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Patrick Selitrenny (Switzerland a.k.a. Helvetia Felix)
|DVD ~ Alan Rickman|
|Offered by vsource|
4 of 4 people found the following review helpful
The science of forgiveness... and understanding.
, February 1, 2012
Let me say, just up front, that when I watched this on television I was almost compelled to switch channels.
I simply don't like romantic or sentimental (tear-jerking) movies.
But it was a slow night, nothing else to watch, except the same-o, same-o cop drama here and there,... so I braced myself for a boring and well-planned travel through sentimental-land, with all the buttons pushed at the right time, to force you to squeeze your tear ducts in your eyes.
Mind you, I like everything that has Alan Rickman, Sigourney Weaver or Carrie-Anne Moss, in it, but I was wondering why these three would congregate to make a "romantic drama".
At first, at the opening of the movie (a bit slow-paced for my taste), nothing new on the western horizon. Nice landscape, a diner and two odd characters meeting (one of them being Alan Rickman). Location? Canada. Season? Well, you may have guessed by the title, that it might be winter. Snow? Yes.
A brief conversation, or better said, monologue of the two characters ensues. So far, so good.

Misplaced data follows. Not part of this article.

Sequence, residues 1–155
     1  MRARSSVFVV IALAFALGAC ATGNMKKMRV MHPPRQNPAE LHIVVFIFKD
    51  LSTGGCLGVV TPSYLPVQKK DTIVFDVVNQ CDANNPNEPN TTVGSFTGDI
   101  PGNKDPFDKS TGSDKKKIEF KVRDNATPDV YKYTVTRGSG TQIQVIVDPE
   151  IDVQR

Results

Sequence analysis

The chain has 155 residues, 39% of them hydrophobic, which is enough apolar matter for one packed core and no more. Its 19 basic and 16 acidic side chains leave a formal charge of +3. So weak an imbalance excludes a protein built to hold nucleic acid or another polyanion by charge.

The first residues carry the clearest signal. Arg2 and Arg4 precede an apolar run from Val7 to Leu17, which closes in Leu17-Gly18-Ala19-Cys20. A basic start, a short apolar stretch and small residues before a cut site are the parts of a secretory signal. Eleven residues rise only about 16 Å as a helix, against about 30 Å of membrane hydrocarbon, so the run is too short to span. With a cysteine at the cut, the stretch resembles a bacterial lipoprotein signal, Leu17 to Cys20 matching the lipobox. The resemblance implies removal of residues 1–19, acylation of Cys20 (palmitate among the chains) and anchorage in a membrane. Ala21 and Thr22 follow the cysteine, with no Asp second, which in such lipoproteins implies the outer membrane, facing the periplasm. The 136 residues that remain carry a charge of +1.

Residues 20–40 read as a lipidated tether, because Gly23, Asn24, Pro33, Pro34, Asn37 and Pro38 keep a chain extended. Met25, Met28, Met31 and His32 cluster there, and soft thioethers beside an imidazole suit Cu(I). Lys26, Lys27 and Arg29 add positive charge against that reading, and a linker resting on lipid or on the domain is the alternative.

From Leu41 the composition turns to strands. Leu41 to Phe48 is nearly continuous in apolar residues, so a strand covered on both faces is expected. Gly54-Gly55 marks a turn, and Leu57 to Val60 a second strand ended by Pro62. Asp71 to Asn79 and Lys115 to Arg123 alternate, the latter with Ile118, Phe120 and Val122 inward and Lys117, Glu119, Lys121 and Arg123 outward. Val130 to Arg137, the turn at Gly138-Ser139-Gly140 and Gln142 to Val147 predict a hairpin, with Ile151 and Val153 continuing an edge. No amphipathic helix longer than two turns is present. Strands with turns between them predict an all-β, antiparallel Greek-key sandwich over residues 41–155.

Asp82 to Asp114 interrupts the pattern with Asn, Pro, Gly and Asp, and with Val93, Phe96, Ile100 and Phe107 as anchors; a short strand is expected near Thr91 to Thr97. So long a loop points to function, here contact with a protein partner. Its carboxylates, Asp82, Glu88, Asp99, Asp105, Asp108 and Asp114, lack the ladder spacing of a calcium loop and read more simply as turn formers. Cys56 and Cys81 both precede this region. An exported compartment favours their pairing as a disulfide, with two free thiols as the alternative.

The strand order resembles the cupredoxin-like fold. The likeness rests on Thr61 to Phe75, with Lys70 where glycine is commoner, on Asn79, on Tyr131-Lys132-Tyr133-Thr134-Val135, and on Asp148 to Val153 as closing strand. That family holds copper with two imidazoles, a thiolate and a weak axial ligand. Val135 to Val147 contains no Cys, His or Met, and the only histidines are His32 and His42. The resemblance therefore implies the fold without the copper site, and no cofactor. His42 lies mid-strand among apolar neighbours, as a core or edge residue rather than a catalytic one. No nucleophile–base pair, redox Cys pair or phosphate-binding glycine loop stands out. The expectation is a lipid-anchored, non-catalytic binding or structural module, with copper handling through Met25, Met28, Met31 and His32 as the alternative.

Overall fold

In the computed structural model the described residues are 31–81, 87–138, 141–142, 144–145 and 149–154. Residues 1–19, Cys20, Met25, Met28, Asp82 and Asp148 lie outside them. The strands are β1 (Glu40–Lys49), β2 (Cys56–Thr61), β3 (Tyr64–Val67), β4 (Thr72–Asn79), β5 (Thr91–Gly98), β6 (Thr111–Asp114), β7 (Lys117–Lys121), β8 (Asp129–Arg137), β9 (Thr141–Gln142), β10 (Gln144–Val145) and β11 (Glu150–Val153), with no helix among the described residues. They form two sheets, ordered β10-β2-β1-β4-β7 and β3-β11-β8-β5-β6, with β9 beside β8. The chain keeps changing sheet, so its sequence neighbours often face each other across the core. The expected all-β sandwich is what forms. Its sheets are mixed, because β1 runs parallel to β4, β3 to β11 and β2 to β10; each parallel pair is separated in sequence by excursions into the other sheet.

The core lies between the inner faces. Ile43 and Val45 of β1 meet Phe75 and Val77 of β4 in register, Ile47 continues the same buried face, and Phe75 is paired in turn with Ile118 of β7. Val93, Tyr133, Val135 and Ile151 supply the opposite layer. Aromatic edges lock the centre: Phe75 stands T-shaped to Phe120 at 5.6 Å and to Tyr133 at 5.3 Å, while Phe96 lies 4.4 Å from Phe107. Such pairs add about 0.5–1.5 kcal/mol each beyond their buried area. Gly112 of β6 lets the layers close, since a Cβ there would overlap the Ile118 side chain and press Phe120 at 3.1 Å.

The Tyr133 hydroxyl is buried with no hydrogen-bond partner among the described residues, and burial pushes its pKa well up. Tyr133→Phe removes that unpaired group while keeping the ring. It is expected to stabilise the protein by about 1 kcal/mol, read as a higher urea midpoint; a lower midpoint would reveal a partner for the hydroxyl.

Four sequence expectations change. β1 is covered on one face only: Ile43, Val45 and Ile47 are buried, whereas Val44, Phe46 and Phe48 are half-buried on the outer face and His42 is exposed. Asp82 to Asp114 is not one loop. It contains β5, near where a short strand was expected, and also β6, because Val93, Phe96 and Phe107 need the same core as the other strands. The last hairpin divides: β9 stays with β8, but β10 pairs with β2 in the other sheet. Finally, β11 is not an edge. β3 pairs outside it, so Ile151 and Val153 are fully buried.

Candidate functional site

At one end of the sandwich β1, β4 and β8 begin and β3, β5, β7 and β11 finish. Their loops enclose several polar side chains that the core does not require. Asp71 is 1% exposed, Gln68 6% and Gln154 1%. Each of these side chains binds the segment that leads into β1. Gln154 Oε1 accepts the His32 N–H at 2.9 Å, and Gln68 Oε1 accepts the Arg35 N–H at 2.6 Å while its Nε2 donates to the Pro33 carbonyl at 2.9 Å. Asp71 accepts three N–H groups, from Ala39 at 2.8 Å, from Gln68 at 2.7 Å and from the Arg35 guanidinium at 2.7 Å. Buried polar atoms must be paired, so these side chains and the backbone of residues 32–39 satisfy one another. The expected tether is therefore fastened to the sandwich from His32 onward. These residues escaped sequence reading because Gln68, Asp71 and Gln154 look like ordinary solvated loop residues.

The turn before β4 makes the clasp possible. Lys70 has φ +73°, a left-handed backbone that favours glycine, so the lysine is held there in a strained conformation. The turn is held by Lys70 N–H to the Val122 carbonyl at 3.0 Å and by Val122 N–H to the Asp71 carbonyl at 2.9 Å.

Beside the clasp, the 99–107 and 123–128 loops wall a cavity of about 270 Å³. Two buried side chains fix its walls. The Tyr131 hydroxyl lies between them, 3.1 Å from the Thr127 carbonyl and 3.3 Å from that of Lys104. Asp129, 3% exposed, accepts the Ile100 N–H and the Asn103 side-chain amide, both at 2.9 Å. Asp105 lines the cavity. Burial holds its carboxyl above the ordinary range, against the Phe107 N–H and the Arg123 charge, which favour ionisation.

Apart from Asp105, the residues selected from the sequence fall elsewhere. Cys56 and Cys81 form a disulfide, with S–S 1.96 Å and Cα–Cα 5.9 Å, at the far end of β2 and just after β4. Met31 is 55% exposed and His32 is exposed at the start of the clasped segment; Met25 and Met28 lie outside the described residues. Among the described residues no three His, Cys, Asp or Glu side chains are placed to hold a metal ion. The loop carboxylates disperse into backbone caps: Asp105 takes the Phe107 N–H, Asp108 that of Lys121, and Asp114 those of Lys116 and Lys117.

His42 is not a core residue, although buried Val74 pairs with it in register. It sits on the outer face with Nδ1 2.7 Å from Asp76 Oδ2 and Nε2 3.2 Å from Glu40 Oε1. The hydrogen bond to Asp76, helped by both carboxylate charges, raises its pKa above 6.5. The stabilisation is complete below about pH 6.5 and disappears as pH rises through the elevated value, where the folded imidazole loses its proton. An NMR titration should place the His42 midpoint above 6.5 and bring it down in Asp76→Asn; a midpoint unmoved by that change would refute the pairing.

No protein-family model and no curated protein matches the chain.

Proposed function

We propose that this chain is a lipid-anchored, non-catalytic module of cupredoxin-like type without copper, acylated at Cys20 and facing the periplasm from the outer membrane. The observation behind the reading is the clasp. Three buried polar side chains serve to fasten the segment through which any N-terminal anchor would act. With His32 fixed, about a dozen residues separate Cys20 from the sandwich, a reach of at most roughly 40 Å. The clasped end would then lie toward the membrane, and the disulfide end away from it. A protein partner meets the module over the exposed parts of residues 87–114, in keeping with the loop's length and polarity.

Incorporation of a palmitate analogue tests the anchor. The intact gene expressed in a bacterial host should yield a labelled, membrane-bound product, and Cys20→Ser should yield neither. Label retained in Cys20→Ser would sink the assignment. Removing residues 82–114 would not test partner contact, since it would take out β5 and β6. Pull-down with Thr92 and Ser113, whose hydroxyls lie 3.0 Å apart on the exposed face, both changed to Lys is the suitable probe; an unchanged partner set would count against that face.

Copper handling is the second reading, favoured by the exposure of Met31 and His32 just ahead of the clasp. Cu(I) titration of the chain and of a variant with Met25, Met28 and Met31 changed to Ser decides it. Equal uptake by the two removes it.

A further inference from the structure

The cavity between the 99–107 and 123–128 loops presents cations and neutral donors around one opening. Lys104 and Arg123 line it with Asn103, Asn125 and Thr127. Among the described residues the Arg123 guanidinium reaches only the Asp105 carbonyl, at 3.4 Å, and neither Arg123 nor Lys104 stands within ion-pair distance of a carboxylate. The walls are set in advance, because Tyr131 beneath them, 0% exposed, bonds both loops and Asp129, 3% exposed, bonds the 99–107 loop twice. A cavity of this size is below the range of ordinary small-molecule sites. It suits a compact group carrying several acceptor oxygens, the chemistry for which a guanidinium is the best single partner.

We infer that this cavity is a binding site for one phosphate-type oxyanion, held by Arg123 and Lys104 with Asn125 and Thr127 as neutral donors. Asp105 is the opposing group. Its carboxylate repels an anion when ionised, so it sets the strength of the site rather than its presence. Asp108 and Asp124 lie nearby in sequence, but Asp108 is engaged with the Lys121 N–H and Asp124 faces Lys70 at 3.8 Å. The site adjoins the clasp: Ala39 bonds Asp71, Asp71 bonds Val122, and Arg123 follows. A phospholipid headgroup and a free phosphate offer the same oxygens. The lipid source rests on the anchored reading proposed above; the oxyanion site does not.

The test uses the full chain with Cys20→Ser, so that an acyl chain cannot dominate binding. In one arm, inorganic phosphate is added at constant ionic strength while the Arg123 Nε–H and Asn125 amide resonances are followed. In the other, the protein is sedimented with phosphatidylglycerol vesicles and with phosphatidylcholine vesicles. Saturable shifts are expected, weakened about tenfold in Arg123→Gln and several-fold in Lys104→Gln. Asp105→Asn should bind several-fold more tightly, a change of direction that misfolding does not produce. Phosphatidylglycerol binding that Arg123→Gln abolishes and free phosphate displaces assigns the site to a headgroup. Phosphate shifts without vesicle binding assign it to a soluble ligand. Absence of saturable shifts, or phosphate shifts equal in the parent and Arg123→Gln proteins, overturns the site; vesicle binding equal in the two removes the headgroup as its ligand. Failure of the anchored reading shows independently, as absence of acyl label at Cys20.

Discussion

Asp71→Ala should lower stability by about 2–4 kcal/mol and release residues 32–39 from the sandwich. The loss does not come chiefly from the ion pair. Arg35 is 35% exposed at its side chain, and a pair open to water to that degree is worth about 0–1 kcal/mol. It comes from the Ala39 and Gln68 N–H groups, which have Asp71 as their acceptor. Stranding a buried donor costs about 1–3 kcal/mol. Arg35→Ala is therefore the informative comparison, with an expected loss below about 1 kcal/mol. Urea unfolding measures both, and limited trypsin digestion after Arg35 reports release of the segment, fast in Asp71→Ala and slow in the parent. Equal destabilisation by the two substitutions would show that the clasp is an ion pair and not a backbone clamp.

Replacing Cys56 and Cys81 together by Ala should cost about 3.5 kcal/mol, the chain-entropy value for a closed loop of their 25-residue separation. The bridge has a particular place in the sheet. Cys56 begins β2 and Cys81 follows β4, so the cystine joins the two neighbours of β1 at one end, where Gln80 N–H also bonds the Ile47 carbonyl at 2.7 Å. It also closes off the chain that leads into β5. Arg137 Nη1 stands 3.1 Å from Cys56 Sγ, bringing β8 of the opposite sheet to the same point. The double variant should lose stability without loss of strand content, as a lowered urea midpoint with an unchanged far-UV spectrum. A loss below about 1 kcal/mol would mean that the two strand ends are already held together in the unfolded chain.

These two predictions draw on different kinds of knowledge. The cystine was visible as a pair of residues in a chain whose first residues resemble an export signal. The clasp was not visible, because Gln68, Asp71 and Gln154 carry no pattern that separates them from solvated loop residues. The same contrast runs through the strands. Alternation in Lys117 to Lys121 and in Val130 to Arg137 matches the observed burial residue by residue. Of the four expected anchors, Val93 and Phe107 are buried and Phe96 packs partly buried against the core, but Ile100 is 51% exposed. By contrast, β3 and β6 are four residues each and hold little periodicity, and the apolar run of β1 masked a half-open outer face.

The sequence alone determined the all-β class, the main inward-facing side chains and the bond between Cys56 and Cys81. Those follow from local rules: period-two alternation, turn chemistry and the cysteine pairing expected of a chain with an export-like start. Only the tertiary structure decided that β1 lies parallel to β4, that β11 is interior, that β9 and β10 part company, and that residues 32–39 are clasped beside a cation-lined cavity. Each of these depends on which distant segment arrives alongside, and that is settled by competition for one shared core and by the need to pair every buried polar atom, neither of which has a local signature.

One might think at this point that that's it. Older man meets much younger woman and a pathetic story gets told once again. Wrong!
What happens next, within the ten minute rule of movie-land (if nothing happens within a ten minute span, you can leave the theater or the room and switch off the TV). Well, as I was about to do so, lo and behold, Bang! Big Badda-Bing, Badda-Bang!
A car crash! In a movie like this? Yes. A huge truck rams the man's car and this is the actual beginning of the picture.
The rest unfolds while we accompany the man's ordeal through it all.
I won't reveal what happens next because that's the part you absolutely have to watch for yourselves, and anything further would reveal the entire mystery of the plot. Yes, because the man has a secret, a terrible secret he is trying to keep at any cost.